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Small is beautiful; the rise of the microchurch

by ervte

This may well be the cultural moment for small churches. Bree Mills said so during the annual Tinsley lecture on the Sydney campus of Morling College. Her topic: Micro-churches: remembering the Past to Shape the Future.

Mills, the Senior Associate Pastor at Glen Waverley Anglican Church, drew on her experience establishing a network of missionary communities around Melbourne’s eastern suburbs.Small is beautiful;  the rise of the microchurch

“There’s a cultural move back toward supporting the locals,” Mills said. “And I think climate issues and the impact of travel and things like that fuel this… But essentially, it’s about choosing to invest locally. I believe this has always been the case in Australia to varying degrees. I think the success of the local pub and the local milk bar. Do you have milk bars in the corner shops in New South Wales? … Many cafes are becoming local hubs selling things from local vendors during co-COVID lockdowns, especially in Melbourne. But overall, I think this shift to live and be more local has accelerated in Australia.”

This trend fits micro churches as “adaptable, lightweight, lay-led communities that live out their mission identities in a particular network or neighborhood.”

Mills’ second cultural shift causes the first: “an increased desire and awareness of our need for connection and connection.” She refers to the belief of social psychologist and author Hugh Mackay that the community provides emotional security and moral guidance.

Younger people can find fellowship at work, and some Church members want more of it in the Church.

“I’ve spoken to a few larger church pastors who have reported to me since COVID that a significant number of people are moving away from their larger church phrase they used to drive to and, in a few cases, were seeking something a little more local.”

Mills describes a third shift as “decentralization,” a growing lack of trust in large organizations, and the emergence of a personalized economy.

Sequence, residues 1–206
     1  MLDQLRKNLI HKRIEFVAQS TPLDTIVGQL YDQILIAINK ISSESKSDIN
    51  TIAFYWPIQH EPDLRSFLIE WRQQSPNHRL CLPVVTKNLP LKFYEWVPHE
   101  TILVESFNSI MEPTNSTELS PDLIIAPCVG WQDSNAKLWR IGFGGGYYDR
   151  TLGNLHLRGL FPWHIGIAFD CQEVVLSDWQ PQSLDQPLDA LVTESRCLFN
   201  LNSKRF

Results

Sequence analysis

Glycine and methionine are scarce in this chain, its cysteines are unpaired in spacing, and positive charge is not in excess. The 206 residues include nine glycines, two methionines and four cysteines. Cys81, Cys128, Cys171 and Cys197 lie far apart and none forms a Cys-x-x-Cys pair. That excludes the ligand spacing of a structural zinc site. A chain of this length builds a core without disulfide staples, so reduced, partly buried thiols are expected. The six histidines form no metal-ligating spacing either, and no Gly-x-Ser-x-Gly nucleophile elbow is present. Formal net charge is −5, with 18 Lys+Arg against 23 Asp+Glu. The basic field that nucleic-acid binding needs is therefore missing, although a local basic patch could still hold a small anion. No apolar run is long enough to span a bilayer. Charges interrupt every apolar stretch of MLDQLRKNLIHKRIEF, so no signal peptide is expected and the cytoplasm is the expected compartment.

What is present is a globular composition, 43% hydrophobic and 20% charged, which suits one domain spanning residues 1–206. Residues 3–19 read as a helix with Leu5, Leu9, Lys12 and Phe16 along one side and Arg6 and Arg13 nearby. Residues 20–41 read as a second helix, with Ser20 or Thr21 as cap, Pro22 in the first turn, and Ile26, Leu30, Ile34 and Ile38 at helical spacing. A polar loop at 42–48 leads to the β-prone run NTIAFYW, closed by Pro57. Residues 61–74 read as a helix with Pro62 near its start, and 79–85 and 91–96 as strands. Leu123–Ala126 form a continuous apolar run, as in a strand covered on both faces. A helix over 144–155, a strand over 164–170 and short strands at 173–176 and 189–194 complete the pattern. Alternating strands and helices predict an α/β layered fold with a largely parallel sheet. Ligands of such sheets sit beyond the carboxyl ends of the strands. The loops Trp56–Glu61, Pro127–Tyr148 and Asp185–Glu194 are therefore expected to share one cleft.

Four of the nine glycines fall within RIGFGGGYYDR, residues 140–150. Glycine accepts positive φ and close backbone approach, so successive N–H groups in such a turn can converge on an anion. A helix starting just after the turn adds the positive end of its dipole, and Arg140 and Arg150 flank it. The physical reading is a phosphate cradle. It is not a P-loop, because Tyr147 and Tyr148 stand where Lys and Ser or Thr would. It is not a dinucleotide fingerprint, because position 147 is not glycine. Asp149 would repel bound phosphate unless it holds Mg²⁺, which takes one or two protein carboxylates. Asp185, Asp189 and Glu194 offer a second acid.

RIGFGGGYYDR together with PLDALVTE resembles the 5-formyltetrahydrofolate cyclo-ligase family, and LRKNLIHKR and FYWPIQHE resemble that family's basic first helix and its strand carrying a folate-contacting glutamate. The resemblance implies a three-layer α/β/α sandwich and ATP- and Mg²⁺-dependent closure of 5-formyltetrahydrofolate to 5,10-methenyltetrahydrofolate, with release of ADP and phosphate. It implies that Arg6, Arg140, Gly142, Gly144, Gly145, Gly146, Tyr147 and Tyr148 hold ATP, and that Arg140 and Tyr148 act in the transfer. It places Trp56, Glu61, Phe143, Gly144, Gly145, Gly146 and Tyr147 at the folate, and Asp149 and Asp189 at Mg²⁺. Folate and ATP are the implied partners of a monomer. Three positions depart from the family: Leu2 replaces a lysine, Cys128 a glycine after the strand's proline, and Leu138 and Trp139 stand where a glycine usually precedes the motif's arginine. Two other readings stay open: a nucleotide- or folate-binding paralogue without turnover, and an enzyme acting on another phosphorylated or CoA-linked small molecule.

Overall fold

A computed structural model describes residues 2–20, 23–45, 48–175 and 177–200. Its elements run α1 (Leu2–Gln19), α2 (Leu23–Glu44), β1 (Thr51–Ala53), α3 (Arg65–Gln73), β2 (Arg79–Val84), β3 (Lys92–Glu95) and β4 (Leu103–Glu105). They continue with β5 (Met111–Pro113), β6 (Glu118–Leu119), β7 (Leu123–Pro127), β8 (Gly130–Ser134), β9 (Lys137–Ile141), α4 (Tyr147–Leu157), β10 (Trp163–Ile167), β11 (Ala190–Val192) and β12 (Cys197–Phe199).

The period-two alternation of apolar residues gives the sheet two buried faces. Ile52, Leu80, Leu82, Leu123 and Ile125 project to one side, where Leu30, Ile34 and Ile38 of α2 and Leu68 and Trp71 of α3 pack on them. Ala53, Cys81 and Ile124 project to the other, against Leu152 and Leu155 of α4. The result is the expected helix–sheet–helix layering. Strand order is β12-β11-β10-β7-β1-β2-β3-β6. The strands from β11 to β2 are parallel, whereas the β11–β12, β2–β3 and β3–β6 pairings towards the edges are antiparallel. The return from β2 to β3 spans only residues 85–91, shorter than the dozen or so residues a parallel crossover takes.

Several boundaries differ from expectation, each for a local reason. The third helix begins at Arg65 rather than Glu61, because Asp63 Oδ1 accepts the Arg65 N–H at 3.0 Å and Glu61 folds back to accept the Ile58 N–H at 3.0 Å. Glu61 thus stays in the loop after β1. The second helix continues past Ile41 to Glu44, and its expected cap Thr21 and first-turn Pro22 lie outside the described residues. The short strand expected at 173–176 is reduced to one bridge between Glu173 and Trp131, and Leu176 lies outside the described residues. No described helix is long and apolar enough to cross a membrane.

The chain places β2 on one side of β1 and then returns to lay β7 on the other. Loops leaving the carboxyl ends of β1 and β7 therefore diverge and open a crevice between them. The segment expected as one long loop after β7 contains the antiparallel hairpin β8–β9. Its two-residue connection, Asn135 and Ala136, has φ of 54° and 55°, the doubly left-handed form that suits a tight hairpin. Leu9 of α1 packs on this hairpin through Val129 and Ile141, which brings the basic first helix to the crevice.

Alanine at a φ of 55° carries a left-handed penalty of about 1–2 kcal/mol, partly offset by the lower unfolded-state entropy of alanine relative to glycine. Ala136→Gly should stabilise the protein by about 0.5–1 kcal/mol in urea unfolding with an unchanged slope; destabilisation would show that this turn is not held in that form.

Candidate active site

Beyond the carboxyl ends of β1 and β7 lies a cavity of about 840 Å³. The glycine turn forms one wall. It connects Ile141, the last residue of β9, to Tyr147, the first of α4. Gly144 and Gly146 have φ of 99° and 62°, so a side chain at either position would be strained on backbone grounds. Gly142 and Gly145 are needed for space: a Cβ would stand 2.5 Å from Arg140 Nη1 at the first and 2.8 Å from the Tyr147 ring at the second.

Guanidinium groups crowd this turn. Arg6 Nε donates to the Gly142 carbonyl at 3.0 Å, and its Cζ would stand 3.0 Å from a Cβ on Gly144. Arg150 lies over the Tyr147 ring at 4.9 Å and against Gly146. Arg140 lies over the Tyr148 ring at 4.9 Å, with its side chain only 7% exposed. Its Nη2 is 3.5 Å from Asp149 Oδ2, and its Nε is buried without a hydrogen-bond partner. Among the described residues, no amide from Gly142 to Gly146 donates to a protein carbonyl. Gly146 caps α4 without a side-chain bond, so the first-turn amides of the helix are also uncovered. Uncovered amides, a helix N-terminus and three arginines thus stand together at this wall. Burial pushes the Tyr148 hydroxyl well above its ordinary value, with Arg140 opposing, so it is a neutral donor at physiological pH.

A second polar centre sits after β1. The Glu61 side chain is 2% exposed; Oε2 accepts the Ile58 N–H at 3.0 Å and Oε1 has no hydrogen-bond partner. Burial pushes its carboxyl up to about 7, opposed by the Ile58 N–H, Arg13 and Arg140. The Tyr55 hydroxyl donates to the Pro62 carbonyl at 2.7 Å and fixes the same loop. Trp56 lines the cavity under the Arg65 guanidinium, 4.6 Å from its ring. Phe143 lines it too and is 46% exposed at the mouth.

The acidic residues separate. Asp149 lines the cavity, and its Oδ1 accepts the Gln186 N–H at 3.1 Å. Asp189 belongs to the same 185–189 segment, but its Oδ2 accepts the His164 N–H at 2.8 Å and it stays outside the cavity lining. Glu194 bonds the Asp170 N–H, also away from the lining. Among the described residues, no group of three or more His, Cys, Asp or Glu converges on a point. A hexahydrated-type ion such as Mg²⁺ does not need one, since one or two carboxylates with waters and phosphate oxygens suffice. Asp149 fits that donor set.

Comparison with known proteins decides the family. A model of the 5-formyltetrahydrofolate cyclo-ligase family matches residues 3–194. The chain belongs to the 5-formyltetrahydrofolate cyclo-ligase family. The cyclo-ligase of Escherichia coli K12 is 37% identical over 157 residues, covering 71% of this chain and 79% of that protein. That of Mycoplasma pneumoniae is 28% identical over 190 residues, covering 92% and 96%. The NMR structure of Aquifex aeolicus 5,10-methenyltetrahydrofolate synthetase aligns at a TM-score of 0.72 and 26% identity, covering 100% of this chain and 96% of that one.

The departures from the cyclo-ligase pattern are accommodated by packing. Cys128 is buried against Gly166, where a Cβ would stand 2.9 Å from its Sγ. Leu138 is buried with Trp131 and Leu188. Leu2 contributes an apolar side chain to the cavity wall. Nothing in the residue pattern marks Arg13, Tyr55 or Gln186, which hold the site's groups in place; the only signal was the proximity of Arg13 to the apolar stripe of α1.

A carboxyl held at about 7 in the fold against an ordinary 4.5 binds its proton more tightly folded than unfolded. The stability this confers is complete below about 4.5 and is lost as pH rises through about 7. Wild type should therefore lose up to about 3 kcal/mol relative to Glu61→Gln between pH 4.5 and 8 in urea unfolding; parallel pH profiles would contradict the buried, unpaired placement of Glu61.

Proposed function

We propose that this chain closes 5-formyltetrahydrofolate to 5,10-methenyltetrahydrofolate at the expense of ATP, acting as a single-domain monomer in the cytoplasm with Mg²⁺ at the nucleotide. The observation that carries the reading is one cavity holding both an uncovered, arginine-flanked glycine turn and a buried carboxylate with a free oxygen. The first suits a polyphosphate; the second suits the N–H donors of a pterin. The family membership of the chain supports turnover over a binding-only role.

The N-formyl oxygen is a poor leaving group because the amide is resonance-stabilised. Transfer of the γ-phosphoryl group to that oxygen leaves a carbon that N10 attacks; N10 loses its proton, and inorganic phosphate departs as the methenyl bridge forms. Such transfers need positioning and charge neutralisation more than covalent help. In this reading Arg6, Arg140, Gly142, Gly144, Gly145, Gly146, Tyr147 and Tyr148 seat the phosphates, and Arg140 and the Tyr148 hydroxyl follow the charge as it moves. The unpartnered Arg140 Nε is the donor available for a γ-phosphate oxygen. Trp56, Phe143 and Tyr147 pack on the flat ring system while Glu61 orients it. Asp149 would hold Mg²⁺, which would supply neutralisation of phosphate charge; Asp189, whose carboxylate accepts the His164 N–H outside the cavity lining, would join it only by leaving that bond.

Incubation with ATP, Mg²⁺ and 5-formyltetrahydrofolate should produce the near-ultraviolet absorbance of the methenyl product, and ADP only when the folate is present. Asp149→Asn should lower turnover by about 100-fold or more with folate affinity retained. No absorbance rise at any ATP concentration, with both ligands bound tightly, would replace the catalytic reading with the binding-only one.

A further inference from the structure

“As a larger organization, as an institution, the Church has lost people’s trust in Australia. And I think, rightly, right, leadership failures, tribalism, and high limits on complex theological issues have led people to walk away from the Church as an institution or an organization. That is the reality we are dealing with.

Finally, she describes the impact of the Missio Dei concept of authors David Bosch and Lesslie Newbigin – that of missions not only as an actor but also as the heart of church life. “There is a greater focus on discipleship in many churches at ministries of justice and on equipping all believers for works of service.”

A micro church is not just a traditional church that has shrunk. Michael Frost, the founder of the Tinsley Institute, a mission study center at Morling College in Sydney, clarifies for Eternity.

The NSW Baptists use the term “simple churches,” Frost explained, which “have no paid staff or property. They usually consist of a relatively small number of members but often have a significantly larger number of non-members associated with their community. They are very relational and flexible in their structures and approaches. They can exist anywhere and everywhere, based on various confluent factors, such as a particular area, a workplace, a community group, a theme or purpose, a project or interest.”

This “simple church” model is an alternative to other forms of church planting that begin with full-time or part-time staff.

“The NSW Baptist definition comes from this paper in which we advocate a diversity of models of Baptist congregations operating in a mixed ecology, with simple churches as one of the models we want to nurture,” Frost tells Eternity. The NSW/ACT Baptists strive to grow “to become a movement of 1000 Healthy Churches by 2050”.

Mills turns to how the Bible uses “ecclesia,” often translated as “church.” “Ecclesia” in scripture often refers to larger public gatherings, such as those at Soloman’s ADE, and domestic groups, such as those gathered at Priscilla’s and Aquila’s home (Acts 2 46). Mills emphasizes that both approaches were held together in the early Church, where believers met in the temple courts and their homes.

“Paul speaks in the same kind of language of ministry in Acts 20. And he says of teaching publicly and from house to house. Paul’s letter to the Corinthians shows that these households sometimes come together for larger gatherings. While we might be tempted to see a typical church and small group network in these two structures, I think Paul is pretty clear that both spaces in Acts 5:42 are places of teaching and mission.

“He says day after day in the temple courts, and from house to house, they have never stopped teaching and proclaiming the good news that Jesus is the Messiah. Now stories like Cornelius show that the household was where many came to faith.”

Mills encourages and describes how movements such as the Moravians sowed revival through small gatherings, encouraging John Wesley to do the same in Britain. Before growing up in a congregation, Wesley began forming small groups called class meetings. Bree also points to historian Howard Snyder’s account of how the class meetings sparked a revival in that country.

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